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Trump White House phone records show 7-hour gap on Jan. 6

The U.S. Capitol is seen across the National Mall as supporters of President Donald Trump begin to gather for a rally on January 6, 2021. Some of those supporters later attacked the Capitol. New records show a seven-hour gap in Trump's phone call record around the time of the siege.
Samuel Corum
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The U.S. Capitol is seen across the National Mall as supporters of President Donald Trump begin to gather for a rally on January 6, 2021. Some of those supporters later attacked the Capitol. New records show a seven-hour gap in Trump's phone call record around the time of the siege.

Trump White House daily diary and call log documents from the day of the attack on the Capitol, first reported by The Washington Post and CBS News on Tuesday, were obtained by the House Jan. 6 select committee in December through the National Archives, according to Rep. Pete Aguilar, D-Calif., a member of the committee who confirmed the details to NPR.

The documents illustrate more of what the press originally reported in February about gaps that exist in Trump's call log from Jan. 6, 2021. The revelation of the diary and call log themselves are new and shed new detail — specifically, a gap in the call log of more than seven hours.

"There's a lot that we know and more that we are finding out each and every step of the way. So those, you know, what was publicly reported about the diaries and the call log are things that were produced during the Archives production, I believe in December," Aguilar told NPR. "And so we've been mindful of this, and we've been asking individuals in interviews about that — about those gaps in time."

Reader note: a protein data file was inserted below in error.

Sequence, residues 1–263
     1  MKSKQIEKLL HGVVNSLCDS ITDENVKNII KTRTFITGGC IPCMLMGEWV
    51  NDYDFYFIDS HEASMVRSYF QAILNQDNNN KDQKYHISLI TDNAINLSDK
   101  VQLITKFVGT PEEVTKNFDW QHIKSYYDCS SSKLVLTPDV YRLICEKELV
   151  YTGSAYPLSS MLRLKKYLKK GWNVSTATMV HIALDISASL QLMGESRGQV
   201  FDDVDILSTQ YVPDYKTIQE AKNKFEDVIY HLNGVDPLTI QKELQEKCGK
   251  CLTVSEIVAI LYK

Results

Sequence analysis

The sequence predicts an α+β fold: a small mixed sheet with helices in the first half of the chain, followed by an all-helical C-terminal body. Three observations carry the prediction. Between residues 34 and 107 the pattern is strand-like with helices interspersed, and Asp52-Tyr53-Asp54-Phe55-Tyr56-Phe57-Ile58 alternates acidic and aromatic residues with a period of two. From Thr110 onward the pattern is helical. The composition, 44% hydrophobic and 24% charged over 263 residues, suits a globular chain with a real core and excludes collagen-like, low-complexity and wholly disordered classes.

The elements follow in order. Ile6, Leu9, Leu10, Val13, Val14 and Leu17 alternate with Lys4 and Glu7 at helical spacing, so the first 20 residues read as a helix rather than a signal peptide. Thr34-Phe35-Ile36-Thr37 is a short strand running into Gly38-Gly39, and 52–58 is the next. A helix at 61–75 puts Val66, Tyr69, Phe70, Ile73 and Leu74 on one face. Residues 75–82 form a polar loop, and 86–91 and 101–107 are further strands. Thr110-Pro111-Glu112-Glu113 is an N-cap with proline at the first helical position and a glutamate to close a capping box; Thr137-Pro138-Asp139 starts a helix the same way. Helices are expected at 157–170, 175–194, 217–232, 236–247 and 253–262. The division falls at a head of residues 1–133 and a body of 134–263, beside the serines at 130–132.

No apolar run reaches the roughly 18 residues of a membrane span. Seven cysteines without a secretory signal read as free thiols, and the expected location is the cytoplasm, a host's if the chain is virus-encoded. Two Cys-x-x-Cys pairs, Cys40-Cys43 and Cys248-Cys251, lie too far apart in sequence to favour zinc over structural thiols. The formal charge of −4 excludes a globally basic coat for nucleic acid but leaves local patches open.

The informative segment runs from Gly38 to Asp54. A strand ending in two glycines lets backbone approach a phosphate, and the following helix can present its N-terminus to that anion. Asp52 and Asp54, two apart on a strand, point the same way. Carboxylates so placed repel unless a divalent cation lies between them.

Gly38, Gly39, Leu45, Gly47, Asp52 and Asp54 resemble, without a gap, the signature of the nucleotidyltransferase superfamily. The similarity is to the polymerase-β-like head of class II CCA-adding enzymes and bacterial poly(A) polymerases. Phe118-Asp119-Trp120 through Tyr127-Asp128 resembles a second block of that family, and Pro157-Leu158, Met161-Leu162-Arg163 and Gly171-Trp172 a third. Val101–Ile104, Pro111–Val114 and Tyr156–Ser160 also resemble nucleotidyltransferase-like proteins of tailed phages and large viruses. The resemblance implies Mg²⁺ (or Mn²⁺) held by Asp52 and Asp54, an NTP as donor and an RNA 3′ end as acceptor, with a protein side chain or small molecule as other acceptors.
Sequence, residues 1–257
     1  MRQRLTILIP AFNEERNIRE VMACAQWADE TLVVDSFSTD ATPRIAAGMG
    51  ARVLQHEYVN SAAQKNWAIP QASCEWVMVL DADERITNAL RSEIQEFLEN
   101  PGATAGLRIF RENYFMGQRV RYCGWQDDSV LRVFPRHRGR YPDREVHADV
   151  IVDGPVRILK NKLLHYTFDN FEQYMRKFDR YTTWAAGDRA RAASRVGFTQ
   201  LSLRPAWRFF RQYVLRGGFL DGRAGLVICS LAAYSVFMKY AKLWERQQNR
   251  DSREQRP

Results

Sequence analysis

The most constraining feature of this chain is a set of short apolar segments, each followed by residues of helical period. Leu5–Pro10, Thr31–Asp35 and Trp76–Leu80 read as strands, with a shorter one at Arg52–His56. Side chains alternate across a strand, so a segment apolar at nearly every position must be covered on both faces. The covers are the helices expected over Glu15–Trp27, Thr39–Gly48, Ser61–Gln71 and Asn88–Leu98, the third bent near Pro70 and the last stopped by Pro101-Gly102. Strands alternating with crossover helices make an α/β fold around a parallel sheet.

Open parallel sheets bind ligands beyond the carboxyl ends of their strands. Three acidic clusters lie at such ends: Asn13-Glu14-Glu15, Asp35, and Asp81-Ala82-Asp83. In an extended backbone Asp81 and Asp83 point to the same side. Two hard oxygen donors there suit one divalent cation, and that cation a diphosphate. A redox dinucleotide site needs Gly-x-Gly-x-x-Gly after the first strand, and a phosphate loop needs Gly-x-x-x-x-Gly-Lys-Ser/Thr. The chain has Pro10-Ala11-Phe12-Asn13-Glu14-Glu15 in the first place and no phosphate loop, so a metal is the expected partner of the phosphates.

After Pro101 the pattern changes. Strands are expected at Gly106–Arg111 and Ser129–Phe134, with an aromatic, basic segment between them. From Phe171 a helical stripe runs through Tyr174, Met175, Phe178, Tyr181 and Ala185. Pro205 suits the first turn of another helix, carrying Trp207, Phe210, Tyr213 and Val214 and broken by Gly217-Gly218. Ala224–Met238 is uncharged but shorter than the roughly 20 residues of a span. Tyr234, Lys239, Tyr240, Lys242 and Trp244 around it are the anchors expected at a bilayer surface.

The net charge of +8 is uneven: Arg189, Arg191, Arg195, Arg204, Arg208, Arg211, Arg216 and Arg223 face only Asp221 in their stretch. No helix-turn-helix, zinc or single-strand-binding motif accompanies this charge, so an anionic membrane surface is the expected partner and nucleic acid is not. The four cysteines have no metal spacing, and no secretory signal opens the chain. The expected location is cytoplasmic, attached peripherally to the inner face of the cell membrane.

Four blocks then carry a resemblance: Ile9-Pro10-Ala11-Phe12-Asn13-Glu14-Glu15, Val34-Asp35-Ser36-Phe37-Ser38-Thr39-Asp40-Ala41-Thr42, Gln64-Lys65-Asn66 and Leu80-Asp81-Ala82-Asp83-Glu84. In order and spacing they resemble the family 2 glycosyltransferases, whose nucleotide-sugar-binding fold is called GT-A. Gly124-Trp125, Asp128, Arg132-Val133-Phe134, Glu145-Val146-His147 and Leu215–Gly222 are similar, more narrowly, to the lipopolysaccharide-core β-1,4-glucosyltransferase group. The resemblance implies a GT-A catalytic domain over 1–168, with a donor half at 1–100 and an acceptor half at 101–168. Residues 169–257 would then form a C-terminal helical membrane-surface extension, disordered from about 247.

He later added, "We're aware of these, and they're important parts of what we're looking at."

The documents reported by The Washington Post and CBS reflect a call that Trump had with then-Sen. David Perdue, R-Ga., at 11:06 a.m., with the next call listed at 6:54 p.m. through the White House switchboard to get Trump aide Dan Scavino on the phone.

Some details of that day's phone calls listed in the log — and some of those missing from the log — have also been previously reported.

For example, a call between Trump and House Minority Leader Kevin McCarthy and a call between Trump and Sen. Tommy Tuberville, R-Ala., during the afternoon while the Capitol was under threat from the pro-Trump mob were revealed in the days and weeks after Jan. 6, but they are not reflected in the log.

The log shows a call to then-Senate Majority Leader Mitch McConnell, R-Ky., at 9:16 a.m. McConnell's spokesperson told NPR that McConnell "declined the call" and he had last spoken to Trump on Dec. 15, 2020, the day after the Electoral College met in state capitals to cast ballots confirming Joe Biden's presidential victory.

Members of the Jan. 6 committee have publicly stated for months that a gap exists in the details about what Trump was doing and whom he was talking to before, during and after the insurrection. Their investigation has focused on talking to witnesses who can fill in that gap.

Copyright 2022 NPR. To see more, visit https://www.npr.org.

Claudia Grisales is a congressional reporter assigned to NPR's Washington Desk.
Deirdre Walsh is the congress editor for NPR's Washington Desk.